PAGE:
In past studies, pediatricians have often discussed the effects of co-sleeping on infants. But researchers from Penn State are now shedding light on how co-sleeping can affect mothers, linking distress over social criticism with infant sleeping arrangements.

After analyzing sleeping patterns during the first year of motherhood, the study revealed a higher risk of depression and worry in mothers who continued sharing a bed or a room with their babies beyond six months. These mothers also showed a pattern of "lower income, reported greater space constraints; were younger, single, or unemployed; were less likely to have a Bachelor's degree; and were more likely to have infants with greater negative affectivity or problematic night waking."

The study stated that the reported characteristics were most applicable to European-American families. It was suggested that co-sleeping mothers were likely to feel judged due to recent trends encouraging solitary sleep for babies who have crossed six months of age.

Douglas Teti, department head and professor of human development and family studies at Penn State, added that the mother's sleep was more likely to be disrupted during co-sleeping than the father's. He went on to draw attention to cultural differences when it comes to attitudes around co-sleeping. 

"In other parts of the world, co-sleeping is considered normal, while here in the U.S., it tends to be frowned upon," explained Teti, one of the authors of the study. "Co-sleeping, as long as it is done safely, is fine as long as both parents are on board with it. If it's working for everyone, and everyone is okay with it, then co-sleeping is a perfectly acceptable option."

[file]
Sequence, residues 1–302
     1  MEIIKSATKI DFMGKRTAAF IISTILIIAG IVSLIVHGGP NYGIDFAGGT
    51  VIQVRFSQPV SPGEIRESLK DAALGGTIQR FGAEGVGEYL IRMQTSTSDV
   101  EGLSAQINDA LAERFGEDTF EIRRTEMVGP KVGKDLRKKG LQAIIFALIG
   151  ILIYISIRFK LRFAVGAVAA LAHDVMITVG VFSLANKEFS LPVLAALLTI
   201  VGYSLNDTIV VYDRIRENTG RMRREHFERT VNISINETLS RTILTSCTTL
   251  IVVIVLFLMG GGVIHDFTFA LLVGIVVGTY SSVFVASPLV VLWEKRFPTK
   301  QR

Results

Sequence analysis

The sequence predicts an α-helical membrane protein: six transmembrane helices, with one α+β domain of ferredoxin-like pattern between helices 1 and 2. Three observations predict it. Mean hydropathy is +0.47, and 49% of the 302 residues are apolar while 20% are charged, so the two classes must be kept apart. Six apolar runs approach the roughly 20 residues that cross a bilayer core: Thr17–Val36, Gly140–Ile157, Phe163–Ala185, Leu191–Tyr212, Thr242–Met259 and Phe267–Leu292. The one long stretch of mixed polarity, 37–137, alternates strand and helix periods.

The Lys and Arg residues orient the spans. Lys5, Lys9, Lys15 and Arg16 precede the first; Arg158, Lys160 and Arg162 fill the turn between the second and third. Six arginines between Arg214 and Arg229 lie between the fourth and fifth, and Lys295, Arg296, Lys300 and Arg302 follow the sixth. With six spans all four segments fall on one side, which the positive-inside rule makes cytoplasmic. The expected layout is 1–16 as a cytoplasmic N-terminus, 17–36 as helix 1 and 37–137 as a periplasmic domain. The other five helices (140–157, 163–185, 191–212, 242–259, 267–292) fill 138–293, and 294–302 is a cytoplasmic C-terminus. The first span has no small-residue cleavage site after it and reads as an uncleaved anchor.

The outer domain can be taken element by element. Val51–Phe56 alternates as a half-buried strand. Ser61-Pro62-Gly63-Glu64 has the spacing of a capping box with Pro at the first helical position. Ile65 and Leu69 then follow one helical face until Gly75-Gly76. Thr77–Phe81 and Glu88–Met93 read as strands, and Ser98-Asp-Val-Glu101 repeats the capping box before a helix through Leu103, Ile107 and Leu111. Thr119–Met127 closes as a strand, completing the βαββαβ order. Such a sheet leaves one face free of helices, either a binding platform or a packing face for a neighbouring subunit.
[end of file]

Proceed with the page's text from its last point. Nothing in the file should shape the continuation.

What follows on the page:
The practice is known to be common in Asian and South American countries. But it's not always a matter of choice for low-income groups who may not have enough rooms or beds in their homes.

Last year, Iowa State professor Susan Stewart published a book sharing the results of her study around the phenomenon. It was revealed that a lot of parents experienced shame and stigma, even refusing to bring up the subject of co-sleeping with family members or doctors. Others found that they slept better when the whole family shared the same room or bed.

“Parents are exhausted, they’re stressed and honestly, it’s often easier to co-sleep,” Stewart said. “There’s no one size fits all, and in my view, there is no right or wrong.”

Teti mentioned that the published study is not taking a side for or against co-sleeping, but seeks to encourage parents to not neglect their own relationship and health. "So this is something to be careful with if you're not good with chronic sleep debt. Co-sleeping needs to work well for everyone, and that includes getting adequate sleep. To be the best parent you can be, you have to take care of yourself, and your child benefits as a result," he said.

Mina Shimizu, a post-doctoral fellow at Auburn University who received her doctorate in human development and family studies at Penn State, also worked on this study.